Albert Bandura’s study on aggression and the power of imitation supports the argument that police officers learn to engage in corruption through the observation and imitation of other police officers. In his study, Bandura presented a group of young children with of film of an adult model performing aggressive actions on a Bobo doll. Bandura found that if the aggressive adult was praised, children would not hesitate to act aggressively when confronted with the Bobo doll and when the adult was punished, the child imitated the aggressive actions less but still engaged in the act. This study can be applied to law enforcement agencies and explain why corruption continues to be an issue in the police profession. A common issue in cases of police corruption is that law enforcement agencies control the investigation and adjudication of the officer’s misconduct. In attempts to reduce media attention and public protests over the issue, the agency often resorts to minor internal policies to “punish” the offending officer. As demonstrated in Bandura’s study, the lack of enforcement of corruption policies signifies to other officers that engaging in such illegal practices is acceptable and will not be severely punished, thus reinforcing corrupt practices among police officers. Under these circumstances, police brutality and corruption can be attributed to the social learning of the police subculture.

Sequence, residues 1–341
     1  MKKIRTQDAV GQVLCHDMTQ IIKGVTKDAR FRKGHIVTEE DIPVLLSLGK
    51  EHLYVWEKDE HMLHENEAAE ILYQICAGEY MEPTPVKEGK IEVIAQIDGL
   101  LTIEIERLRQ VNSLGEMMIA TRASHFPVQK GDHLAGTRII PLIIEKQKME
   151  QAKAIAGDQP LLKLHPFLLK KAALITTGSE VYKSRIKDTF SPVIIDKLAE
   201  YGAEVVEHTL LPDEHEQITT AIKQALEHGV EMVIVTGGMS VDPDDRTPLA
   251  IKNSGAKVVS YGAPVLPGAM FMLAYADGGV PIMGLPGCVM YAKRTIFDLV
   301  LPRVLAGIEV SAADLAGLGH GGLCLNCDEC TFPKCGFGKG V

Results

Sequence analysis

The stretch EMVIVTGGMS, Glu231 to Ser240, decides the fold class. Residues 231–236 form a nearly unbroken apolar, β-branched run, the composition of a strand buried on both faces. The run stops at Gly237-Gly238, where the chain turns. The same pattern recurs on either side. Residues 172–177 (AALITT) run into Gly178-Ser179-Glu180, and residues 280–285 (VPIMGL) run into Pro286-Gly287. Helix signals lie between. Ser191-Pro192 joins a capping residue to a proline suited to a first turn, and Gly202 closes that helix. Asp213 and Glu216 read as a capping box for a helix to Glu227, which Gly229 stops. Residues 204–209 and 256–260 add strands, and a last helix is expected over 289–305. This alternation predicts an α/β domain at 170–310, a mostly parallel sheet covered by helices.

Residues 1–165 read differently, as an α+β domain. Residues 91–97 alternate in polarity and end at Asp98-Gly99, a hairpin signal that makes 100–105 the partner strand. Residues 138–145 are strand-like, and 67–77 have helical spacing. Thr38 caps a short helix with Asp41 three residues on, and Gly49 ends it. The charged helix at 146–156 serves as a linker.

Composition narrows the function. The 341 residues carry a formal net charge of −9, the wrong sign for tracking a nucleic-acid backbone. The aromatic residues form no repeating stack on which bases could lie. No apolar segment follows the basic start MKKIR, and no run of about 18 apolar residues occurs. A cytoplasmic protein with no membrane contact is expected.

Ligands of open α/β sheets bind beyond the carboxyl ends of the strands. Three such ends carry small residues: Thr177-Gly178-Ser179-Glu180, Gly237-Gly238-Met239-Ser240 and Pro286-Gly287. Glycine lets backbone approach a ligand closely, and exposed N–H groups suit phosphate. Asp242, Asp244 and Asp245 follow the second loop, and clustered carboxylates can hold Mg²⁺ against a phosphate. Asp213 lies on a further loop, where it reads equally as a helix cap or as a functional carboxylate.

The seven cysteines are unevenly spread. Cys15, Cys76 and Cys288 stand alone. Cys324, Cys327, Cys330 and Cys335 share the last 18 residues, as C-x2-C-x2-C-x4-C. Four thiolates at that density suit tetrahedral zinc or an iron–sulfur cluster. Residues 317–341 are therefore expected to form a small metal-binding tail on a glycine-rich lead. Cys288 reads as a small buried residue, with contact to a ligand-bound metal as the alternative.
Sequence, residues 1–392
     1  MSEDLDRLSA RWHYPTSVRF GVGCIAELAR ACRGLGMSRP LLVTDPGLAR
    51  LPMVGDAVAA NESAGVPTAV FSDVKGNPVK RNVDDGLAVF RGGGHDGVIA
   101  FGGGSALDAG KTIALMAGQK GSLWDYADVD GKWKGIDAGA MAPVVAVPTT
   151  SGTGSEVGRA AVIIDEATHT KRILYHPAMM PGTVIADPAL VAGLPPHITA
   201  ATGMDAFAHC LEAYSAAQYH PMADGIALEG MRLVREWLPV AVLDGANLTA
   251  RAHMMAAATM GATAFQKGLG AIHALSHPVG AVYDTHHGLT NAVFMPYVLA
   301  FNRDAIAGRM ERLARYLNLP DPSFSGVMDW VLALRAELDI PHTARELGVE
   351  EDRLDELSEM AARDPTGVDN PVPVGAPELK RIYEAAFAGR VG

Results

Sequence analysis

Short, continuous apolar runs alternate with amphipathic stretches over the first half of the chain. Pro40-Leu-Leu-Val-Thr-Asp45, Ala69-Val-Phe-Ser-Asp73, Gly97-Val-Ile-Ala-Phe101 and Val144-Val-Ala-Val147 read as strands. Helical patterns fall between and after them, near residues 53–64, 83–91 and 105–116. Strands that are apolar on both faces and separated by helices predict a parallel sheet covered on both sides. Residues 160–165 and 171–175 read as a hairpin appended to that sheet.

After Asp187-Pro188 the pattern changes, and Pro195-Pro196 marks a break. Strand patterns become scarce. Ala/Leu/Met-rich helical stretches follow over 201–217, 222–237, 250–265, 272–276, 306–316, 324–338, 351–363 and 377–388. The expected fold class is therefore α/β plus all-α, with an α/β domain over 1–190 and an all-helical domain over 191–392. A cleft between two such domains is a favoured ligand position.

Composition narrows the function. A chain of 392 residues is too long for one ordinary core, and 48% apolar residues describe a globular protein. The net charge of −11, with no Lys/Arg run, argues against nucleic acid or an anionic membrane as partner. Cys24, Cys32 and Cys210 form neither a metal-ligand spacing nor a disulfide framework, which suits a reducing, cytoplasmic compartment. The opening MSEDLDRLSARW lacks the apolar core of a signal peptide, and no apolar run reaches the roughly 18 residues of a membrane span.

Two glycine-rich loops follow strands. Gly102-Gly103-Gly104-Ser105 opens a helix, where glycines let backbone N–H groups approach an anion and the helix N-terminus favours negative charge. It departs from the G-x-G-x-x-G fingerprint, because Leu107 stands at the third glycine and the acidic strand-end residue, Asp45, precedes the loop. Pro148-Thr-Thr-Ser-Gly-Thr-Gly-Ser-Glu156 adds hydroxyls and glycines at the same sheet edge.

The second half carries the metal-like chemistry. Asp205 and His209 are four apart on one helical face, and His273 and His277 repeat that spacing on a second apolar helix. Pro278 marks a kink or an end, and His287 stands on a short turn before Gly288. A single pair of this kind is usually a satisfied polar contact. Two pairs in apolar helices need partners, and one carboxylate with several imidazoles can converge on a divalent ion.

Police Corruption as a Result of Racially Biased Policing